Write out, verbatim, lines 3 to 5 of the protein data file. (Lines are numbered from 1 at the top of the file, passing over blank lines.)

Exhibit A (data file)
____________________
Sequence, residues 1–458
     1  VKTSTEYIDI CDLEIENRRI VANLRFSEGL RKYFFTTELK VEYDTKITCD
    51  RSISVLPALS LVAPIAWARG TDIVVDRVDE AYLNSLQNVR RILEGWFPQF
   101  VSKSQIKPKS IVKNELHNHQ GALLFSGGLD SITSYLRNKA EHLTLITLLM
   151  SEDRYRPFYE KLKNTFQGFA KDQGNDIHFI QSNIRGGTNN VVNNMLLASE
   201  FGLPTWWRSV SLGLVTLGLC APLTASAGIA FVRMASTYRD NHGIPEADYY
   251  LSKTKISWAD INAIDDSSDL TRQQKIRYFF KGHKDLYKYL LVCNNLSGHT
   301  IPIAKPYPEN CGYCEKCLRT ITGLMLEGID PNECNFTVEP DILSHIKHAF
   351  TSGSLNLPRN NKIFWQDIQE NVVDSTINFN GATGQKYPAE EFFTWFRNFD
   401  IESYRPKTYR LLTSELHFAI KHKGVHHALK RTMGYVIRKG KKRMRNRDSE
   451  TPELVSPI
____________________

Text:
    51  RSISVLPALS LVAPIAWARG TDIVVDRVDE AYLNSLQNVR RILEGWFPQF
   101  VSKSQIKPKS IVKNELHNHQ GALLFSGGLD SITSYLRNKA EHLTLITLLM
   151  SEDRYRPFYE KLKNTFQGFA KDQGNDIHFI QSNIRGGTNN VVNNMLLASE